The first resource from FHWA, “Incorporating On-Road Bicycle Networks into Resurfacing Projects” discusses practical ways to change the configuration of streets while performing pavement preservation projects. At the City of Eugene this approach has been one of the most impactful ways of adding or improving bicycle facilities within our City.

The second resource, “Small Towns and Rural Multimodal Networks”, while created for transportation professionals in small towns and rural counties, also provides examples of treatments that may be appropriate for narrow city streets. One innovative concept known as “advisory shoulders” or “advisory bike lanes” is particularly applicable for low volume, low speed streets with good sight distance.

Advisory shoulders takes an existing narrow two-way street and allocates usable shoulder space on each side of the street ,delineated by a skip stripe, and a center lane used by two-way motor vehicle traffic. When no bicyclist or pedestrian occupies the shoulders people driving can use the shoulders to safely pass oncoming vehicle traffic.  An example of this configuration can be seen below.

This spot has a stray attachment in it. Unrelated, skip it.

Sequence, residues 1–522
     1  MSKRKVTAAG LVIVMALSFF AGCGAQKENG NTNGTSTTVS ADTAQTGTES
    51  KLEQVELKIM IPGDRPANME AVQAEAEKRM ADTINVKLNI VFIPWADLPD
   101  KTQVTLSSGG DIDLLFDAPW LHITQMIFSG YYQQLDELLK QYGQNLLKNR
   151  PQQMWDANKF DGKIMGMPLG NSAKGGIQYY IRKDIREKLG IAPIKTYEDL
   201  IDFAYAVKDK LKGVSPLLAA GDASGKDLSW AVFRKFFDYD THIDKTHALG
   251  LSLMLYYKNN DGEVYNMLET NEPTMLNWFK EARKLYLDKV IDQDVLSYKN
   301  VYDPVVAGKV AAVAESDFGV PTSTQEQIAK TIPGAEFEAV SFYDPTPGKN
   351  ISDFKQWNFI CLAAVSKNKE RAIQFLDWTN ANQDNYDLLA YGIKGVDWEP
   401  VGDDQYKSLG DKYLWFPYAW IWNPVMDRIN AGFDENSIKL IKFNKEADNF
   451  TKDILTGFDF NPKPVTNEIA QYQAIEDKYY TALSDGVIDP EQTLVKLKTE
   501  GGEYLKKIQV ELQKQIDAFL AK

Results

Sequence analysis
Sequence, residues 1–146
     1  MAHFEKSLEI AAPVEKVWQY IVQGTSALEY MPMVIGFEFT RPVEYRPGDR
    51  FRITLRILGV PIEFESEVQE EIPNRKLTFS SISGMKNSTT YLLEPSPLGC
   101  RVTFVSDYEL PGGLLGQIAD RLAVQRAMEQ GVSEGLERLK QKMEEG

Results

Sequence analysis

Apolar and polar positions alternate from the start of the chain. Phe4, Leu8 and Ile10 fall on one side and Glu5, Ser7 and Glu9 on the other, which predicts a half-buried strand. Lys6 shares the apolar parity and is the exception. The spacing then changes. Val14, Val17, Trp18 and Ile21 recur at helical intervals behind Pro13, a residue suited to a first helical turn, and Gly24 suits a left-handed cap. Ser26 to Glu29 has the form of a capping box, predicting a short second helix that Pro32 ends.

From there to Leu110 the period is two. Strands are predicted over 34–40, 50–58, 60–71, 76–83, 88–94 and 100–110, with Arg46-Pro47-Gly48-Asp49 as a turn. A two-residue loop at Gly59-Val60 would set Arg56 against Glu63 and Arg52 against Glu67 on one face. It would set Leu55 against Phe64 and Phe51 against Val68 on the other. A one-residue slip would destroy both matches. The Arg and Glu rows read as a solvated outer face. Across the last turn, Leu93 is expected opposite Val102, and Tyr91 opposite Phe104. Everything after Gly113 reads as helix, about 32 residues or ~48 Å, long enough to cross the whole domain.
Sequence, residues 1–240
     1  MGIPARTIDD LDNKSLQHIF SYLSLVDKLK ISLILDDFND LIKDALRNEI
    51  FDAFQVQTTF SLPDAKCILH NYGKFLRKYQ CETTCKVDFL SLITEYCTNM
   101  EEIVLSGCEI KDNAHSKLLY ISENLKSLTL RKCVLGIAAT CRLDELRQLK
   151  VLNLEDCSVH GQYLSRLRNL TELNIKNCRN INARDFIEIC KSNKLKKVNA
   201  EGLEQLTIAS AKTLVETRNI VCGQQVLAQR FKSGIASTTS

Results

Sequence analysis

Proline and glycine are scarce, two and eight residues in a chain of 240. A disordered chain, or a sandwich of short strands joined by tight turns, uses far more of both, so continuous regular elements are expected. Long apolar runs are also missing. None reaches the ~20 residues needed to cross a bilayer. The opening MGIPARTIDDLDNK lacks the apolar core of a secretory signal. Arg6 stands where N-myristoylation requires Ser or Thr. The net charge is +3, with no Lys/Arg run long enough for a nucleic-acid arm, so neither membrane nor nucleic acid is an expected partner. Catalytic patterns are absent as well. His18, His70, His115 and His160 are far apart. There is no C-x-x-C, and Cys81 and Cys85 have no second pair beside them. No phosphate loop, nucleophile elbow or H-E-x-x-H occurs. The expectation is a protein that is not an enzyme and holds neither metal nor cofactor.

While advisory shoulders are used widely in European countries such as the Netherlands they are relatively new to the United States. Currently an approved request to experiment is required from FHWA to install advisory shoulders.

This concept is further explored by Alta Planning and Design in their white paper, “Advisory Bike Lanes in North America”.

So next time you are scratching your head about how to help improve walking and biking in your community without breaking the bank, browse to these resources to find low cost best practices to help your community meet their goals to provide safe and cost effective transportation options.

Please use the links in this article to access copies of these resources at the C4S Sustainability Toolkit.

Matt Rodrigues
Chair, APWA Center for Sustainability (C4S)
Principal Civil Engineer, City of Eugene